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Britain should quickly rejoin the EU and adopt the euro
Articles on Britain published before 2022

  • (january 2023) Britain should quickly rejoin the EU and adopt the euro.
    Three years later, the polls show that most Britons think that Brexit was a bad idea. In fact, even in 2020 most Britons didn't think it was a good idea: in 2020 (when Brexit became official) nobody considered the opinion of the people aged 18 to 22 who had not been eligible to vote in the 2016 referendum.

    Since Brexit is so unpopular you'd imagine that politicians would compete in attacking it. However, there are dogmas in politics, especially in British politics. For a long time the British establishment refused to recognize the obvious paradox of a small European island ruling over the giant Indian subcontinent. For a long time the British establishment refused to acknowledge that Germany, despite losing the war, had become the biggest European economy, not only surpassing Hitler's dreams but even dwarfing the British economy. British politicians have the unique ability of living in denial for decades before they accept the inevitable. And now the British establishment is again stubbornly resisting the obvious fact that Brexit was a mistake, based on proven lies, and that Britain is less "great" than it has ever been in the last five or six centuries.

    A weak Britain serves nobody but Putin's Russia and Xi's China. It certainly doesn't serve its population. And, yet, the ruling Conservative Party insists that Brexit is working (not that it "will" eventually work but that it is already delivering on its promises) and the opposition Labour Party promises to make it work in the future. Neither admits that, quite simply, Brexit must be undone: Britain must join the EU again, and quickly, before the gap increases too much and becomes irreversible.

    At the same time, Britain should also accept the fact that its currency is doomed to become a third-rate currency in a world dominated by the USA, China and the EU. The euro has proven to be resilient to all the Eurozone crises and even to the war in Ukraine. Britons who are terrified at the idea of surrendering power to the bureaucrats of the EU should be more terrified at the idea of having their own politicians run the country: the EU has done a much better job of increasing the quality of life of its citizens than the British government did and is doing. Britain was a member of the EU but always resisted EU rules and regulations thanks to a number of "opt-outs", so it was never fully aligned with the rest of the EU. It was, at best, half a member. Britain would be better off today if it had surrendered its sovereignty to the EU, just like most EU member states are better off today because (not in spite of) they surrendered their sovereignty.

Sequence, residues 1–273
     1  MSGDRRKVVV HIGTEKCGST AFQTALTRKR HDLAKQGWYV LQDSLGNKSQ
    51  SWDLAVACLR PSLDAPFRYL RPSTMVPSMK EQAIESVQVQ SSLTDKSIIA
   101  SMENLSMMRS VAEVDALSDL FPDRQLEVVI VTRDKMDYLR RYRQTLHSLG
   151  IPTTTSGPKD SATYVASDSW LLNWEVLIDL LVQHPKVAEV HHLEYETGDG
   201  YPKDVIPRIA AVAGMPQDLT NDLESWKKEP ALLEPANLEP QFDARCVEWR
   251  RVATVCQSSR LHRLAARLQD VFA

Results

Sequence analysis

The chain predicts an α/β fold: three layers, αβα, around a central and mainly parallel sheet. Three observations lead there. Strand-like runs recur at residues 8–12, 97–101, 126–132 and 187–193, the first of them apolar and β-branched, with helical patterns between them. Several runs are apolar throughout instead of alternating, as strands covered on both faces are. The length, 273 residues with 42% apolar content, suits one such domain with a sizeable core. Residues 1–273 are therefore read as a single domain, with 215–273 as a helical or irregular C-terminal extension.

Britons are right to be concerned about immigration, and that's a problem that needs to be solved across the EU. With Britain inside the EU it would be more likely to be solved quickly and wisely.

    The EU doesn't need Britain, but Britain does need the EU if it doesn't want to become a footnote in history books.

    Russia's invasion of Ukraine showed (yet again) how weak Europe has become vis a vis with Russia. The response has been strong only because the USA flexed its muscles. Imagine if Biden had decided that it was not worth risking his already low approval rating on a European war. Imagine if Trump had been president: he would have congratulated Putin for a beautiful invasion! Europe needs to be able to take on Russia without gambling on the US president. Britain should not only be part of the EU but even foster a joint EU military force, commensurate with the second largest GDP in the world, bigger than China's and only slightly smaller than the USA's.

    Britain should stop being led by comedians like Boris Johnson, Theresa May, Liz Truss and now Rishi Sunak. The Economist compared Britain with Italy, (in)famous for changing prime minister all too often, but Italy's prime ministers have been top economists and technocrats, like Mario Draghi, Paolo Gentiloni, Mario Monti and Romano Prodi. Today's Britain is not like Italy: it is a lot worse, run by incompetent politicians. Tony Blair looks like a giant compared with the clowns who came after him. Bring him back?

    See also Nations in crisis: Britain.

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  • Articles on Britain published before 2023

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